Book Learning

19 Jun

Letterbalm BookDear LetterBalm: A friend just self-published a novel. I’m a writer and editor, and I review books on several indie book publishing sites. He asked me for a review and sent along hard and electronic copies. I told him I would pass it along to another reviewer. I said it would be a conflict of interest for me to review his book because we’re friends. It’s a good thing I read the book first. It’s a mess – badly written, poorly plotted and full of grammatical errors. I feel I must say something to my friend, but it will devastate him. He spent years writing it, and no reviewer in his right mind will grant a positive analysis. I feel a responsibility to tell him the truth. What do I do now?

–In a (Book) Bind

Advanced diplomacy is called for here. Sit down with your budding author friend for a quiet, private talk. (Don’t do this on the phone.) You want him to understand that this is difficult for you because you’re his friend, you respect the effort he put into his novel, and you are torn because you must give him bad news. Ms. L.B. suggests you select several positive things about the book. Is the plot idea interesting? Does he describe certain characters or neighborhoods well? Is there a humorous vignette? Lead with upbeat observations. Then, depending on how well you know him, you might provide notes on areas of improvement, telling him that even seasoned writers and actors accept notes from experts. Tread carefully, however. Writing a book is a personal endeavor that exposes one to the judgment of the world, and everyone’s a critic. Try something like this:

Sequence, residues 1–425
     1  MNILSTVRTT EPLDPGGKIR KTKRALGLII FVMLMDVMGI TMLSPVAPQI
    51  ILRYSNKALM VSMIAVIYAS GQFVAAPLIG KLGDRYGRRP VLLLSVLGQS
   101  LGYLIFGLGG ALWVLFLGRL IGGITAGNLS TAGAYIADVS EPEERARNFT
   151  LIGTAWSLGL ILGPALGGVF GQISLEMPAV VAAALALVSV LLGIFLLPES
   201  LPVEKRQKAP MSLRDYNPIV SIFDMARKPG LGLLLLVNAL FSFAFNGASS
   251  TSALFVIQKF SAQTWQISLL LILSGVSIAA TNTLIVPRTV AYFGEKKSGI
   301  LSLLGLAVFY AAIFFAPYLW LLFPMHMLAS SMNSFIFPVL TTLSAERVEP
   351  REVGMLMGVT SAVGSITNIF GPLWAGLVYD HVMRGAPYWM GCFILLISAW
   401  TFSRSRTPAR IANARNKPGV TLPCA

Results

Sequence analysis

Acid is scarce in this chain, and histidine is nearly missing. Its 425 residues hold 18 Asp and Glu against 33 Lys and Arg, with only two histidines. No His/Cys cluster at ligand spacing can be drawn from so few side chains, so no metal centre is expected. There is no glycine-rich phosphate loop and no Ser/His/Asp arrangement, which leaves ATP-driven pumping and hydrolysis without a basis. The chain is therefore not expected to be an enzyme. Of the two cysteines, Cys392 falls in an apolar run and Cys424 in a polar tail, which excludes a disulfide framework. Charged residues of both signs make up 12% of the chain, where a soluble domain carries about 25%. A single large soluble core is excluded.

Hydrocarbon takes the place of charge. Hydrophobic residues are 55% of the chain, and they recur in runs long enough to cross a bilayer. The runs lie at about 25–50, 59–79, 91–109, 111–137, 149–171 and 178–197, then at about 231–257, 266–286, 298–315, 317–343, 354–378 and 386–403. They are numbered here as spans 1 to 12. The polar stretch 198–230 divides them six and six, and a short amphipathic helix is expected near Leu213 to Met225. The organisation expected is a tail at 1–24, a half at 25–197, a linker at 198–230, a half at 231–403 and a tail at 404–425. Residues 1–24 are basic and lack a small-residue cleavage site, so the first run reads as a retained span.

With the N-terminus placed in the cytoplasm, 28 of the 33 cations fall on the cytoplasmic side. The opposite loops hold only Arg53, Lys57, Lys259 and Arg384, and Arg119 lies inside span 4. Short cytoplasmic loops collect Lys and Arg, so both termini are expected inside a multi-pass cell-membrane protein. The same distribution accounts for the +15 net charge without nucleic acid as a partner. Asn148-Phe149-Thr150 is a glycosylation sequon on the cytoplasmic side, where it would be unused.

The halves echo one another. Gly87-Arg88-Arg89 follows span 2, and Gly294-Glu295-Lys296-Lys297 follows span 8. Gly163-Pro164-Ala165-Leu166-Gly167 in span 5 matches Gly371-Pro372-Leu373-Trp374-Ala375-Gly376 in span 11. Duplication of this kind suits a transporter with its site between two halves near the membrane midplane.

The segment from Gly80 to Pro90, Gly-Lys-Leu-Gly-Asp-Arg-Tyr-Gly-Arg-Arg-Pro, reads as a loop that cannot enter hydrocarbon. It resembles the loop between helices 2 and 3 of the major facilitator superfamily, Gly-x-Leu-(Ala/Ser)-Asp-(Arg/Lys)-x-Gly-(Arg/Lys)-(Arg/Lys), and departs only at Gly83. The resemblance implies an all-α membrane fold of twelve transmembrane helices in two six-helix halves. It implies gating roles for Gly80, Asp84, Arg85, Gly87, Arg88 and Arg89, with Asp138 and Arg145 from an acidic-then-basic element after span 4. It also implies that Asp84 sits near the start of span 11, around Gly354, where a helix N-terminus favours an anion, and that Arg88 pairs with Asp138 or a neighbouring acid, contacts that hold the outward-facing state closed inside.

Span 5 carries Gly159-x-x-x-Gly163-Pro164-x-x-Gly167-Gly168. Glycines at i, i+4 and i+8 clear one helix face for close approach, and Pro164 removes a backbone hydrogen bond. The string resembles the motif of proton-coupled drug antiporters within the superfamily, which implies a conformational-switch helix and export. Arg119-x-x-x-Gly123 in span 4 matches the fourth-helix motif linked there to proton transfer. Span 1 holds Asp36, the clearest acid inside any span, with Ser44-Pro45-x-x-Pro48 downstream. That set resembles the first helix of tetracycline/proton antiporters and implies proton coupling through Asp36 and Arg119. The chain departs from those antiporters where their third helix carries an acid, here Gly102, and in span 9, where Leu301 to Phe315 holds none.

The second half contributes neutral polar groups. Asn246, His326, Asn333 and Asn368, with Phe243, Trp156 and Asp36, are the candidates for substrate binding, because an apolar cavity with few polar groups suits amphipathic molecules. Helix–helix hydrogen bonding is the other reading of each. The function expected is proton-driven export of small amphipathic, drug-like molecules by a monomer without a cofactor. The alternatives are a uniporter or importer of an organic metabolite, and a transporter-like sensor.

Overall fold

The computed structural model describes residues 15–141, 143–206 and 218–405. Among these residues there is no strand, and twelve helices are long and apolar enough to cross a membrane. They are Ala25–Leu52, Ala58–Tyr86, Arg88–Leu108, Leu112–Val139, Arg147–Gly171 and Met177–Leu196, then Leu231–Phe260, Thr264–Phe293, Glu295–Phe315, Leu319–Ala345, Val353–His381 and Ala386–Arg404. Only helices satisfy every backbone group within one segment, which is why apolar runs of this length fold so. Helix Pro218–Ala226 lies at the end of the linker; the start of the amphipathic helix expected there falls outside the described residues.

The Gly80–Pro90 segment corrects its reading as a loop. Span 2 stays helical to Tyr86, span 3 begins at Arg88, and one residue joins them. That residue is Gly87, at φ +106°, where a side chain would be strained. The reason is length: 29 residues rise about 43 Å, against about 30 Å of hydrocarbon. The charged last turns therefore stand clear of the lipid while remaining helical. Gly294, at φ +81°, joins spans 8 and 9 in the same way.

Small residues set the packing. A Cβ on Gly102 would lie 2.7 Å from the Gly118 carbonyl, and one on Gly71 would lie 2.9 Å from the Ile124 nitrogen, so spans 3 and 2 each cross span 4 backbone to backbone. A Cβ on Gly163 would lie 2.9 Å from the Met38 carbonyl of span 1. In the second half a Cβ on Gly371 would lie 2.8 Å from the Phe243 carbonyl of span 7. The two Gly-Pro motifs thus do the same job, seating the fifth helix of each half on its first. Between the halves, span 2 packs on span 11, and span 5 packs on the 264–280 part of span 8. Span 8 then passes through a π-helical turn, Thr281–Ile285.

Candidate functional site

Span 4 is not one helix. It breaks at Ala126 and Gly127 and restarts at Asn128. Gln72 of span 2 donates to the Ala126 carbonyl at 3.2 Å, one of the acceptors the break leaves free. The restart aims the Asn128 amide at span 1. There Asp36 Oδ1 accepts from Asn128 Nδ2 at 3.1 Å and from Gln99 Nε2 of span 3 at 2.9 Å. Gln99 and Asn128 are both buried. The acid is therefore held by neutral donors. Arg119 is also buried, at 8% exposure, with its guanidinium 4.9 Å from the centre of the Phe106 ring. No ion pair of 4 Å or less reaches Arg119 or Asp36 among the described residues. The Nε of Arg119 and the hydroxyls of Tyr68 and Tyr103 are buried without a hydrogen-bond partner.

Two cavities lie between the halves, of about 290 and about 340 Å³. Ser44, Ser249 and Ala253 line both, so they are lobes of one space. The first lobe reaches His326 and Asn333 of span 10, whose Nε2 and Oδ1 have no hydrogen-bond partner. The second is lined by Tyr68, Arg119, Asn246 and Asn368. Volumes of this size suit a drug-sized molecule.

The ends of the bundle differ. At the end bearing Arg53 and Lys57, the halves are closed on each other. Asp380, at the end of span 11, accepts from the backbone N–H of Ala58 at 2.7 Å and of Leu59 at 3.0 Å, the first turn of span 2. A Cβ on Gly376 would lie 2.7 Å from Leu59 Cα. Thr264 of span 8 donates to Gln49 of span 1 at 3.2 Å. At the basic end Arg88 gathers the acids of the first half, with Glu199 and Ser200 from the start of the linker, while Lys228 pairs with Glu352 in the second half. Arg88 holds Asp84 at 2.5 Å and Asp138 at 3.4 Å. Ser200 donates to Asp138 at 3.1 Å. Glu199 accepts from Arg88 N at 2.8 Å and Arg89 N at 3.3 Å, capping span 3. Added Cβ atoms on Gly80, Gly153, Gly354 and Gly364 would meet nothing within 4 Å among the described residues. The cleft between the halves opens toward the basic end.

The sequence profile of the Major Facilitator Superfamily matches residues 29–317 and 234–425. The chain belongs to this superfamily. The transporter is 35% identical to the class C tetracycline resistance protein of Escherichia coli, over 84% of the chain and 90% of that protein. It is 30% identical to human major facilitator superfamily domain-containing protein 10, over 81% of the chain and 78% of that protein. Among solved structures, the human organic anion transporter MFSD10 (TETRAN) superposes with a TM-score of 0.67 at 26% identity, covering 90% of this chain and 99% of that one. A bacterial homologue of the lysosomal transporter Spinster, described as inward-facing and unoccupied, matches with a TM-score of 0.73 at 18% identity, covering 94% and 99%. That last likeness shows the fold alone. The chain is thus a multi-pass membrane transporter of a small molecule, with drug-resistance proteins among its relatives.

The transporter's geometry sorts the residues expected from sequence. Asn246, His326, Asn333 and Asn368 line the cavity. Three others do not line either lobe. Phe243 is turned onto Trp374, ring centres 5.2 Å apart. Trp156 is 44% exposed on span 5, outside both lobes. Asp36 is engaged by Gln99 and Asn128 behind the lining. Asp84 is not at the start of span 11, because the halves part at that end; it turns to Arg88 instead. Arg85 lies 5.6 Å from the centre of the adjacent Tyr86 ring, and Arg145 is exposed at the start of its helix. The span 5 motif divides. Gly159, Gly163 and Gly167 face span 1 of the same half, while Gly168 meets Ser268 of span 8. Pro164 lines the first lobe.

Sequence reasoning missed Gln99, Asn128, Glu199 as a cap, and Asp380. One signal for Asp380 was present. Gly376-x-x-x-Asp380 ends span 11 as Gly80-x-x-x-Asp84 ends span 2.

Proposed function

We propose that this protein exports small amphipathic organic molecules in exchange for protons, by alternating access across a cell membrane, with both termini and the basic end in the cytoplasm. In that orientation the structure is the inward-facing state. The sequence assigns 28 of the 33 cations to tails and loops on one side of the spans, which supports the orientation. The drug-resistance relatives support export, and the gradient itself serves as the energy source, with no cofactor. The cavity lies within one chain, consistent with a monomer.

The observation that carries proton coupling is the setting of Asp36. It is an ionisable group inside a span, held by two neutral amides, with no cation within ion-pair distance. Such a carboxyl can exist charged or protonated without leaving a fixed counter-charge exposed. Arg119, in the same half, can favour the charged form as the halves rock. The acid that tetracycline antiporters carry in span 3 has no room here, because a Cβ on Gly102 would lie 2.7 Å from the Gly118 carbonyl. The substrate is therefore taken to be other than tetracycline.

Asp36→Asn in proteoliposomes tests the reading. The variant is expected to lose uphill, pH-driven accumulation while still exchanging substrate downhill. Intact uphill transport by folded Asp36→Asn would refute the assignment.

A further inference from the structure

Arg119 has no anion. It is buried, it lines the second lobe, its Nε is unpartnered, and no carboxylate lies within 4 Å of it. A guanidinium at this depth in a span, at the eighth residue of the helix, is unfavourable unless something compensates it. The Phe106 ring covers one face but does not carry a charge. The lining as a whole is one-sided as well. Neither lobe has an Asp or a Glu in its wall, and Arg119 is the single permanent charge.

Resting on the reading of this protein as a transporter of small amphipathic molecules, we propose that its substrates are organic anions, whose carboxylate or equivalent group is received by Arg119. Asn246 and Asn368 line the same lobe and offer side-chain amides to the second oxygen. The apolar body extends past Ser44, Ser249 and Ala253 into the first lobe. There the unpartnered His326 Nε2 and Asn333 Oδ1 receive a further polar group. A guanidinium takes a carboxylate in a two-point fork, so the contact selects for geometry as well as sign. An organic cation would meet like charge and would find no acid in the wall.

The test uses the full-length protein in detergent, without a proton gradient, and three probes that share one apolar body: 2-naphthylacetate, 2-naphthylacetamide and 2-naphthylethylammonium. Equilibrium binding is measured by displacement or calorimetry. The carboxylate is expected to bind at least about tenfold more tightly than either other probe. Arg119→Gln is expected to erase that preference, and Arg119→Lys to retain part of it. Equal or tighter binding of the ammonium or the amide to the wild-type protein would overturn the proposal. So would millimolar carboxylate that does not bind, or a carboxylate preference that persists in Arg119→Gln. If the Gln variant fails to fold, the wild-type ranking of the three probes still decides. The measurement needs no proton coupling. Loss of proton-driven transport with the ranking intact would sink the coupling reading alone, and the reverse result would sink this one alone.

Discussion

Len, I decided to read your book before I passed it on for review. What a massive undertaking. I respect all the work you did. I really liked [cite your positive findings in some detail here]; I was impressed by [cite more positive factors]. Clearly, you did enormous amounts of research to create the world of your characters. I’m torn, though, because I have to give you some negatives. I know you’ll want to hear them. After all the work you’ve done, your book has some grammatical and plot problems. This is tough for me because you’re my friend, and I know how much this means to you. But I wouldn’t be a good editor if I didn’t tell you the truth. There are ways to strengthen your book, and I can give you some guidance, but you have to do the work yourself. So, when you present your book for review, you know it represents the best you can do. Would you like my help?

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